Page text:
Extracted from: "Democratic Republic of Congo" IN Compendium of Elections in Southern Africa (2002), edited by Tom Lodge, Denis Kadima and David Pottie, EISA, 68-70.
The invasion of the Katanga province in March 1977 by Angola-based rebels of the Front National pour la Libération du Congo (FNLC) changed the course of events in the country. In fact, in the aftermath of the rebellion that was defeated only after the military intervention by the French and Moroccan troops with American logistical support, Western governments exerted pressure on Mobutu to introduce a number of political reforms. A new electoral law was enacted. In December 1977, a presidential election was held and Mobutu was elected unopposed, obtaining over 98.15% of the positive votes.
Mobutu seized power on 24 November 1965 and banned party politics. On 20 May 1967 he founded his party, the Mouvement Populaire de la Révolution (MPR). Subsequently all Congolese citizens automatically became members of the MPR. In June 1967 a new constitution was prepared by a commission appointed by Mobutu, and approved by referendum. The 1967 constitution established a unitary state, a presidential system and a one-chamber legislature called the National Assembly and later renamed the Legislative Council, with substantially reduced powers. Additionally, the constitution limited the number of legally authorised political parties to a maximum of two. Finally, the 1967 constitution introduced female suffrage.
A census took place in early 1970. Presidential elections were organised in October-November 1970, when Mobutu reached 40 years, the minimum age requirement for presidential candidates. As Mobutu was the sole candidate proposed by the MPR, there were two types of ballot papers: the green ballot paper representing a positive vote and the red ballot, symbol of anarchy, chaos and foreign ideologies, representing a negative vote. There were containers filled with ballot papers. Voters had to choose publicly between the green and red ballot paper and put it into the ballot box. The secrecy of the vote was therefore not ensured. Standing unopposed, Mobutu was elected for a seven-year term. Mobutu managed to obtain more positive votes than the total number of registered voters, in a system where voting was not compulsory.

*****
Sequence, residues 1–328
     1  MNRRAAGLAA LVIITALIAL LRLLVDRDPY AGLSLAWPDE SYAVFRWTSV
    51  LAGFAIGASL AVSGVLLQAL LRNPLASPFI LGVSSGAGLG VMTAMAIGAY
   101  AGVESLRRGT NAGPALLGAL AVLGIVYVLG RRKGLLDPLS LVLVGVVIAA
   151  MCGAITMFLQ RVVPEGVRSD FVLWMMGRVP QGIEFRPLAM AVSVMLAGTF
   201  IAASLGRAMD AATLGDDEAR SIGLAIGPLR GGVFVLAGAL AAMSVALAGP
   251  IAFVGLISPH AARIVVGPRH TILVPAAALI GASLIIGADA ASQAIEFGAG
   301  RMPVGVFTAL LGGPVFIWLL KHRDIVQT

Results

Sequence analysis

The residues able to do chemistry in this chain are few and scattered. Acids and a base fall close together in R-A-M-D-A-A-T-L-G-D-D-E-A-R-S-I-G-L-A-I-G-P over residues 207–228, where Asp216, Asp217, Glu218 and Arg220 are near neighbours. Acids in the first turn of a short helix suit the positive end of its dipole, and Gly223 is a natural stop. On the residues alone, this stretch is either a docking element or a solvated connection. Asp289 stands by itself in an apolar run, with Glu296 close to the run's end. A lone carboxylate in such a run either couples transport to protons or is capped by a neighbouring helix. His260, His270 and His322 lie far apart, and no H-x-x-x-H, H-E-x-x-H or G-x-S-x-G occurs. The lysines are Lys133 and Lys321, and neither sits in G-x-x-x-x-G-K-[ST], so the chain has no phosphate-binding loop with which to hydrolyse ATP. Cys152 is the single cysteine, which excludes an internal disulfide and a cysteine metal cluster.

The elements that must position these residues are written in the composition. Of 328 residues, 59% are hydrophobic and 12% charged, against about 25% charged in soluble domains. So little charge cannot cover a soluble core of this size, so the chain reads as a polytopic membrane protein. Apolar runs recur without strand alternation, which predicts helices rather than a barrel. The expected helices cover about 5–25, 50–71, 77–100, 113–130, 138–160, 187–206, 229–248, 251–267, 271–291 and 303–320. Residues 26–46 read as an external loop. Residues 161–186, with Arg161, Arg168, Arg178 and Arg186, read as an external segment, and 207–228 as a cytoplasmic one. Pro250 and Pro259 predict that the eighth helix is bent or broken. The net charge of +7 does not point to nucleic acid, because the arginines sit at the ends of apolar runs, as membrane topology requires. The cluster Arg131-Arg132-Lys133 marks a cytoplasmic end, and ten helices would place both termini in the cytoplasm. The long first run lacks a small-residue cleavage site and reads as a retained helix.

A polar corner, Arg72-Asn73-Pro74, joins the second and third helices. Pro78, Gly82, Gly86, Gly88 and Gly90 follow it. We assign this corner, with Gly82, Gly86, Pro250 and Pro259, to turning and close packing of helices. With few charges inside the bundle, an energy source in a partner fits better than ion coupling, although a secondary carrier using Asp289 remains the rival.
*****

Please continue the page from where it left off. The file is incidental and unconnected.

Legislative elections took place on 14 and 15 November 1970 for a five-year term. Candidates were selected by the Political Bureau of the MPR and presented to the electorate on a single list. They obtained over 99% of the vote out of 9 763 510 valid ballot papers. Only 72 378 voted against the candidates.
By the year 1975, however, the parliament had lost any influence over policy-making. Its new function became that of merely endorsing the decisions of the Political Bureau. This role was confirmed by the 1974 constitutional revision, which consecrated the supremacy of the party over the state. The government was renamed the Executive Council of the MPR and the parliament became known as the National Legislative Council of the MPR.
In addition to these changes, the election of members of parliament was modified. The "costly and complicated" electoral process involving the use of a secret ballot was replaced with a "cheaper, simpler and practical" operation by which voters chose their representatives by acclaim. Hence, parliamentary "elections" took place on 3 November 1975 in stadiums and other public places, where MP candidates stood before an unregistered electorate and got elected, just by cheering, for a five-year term.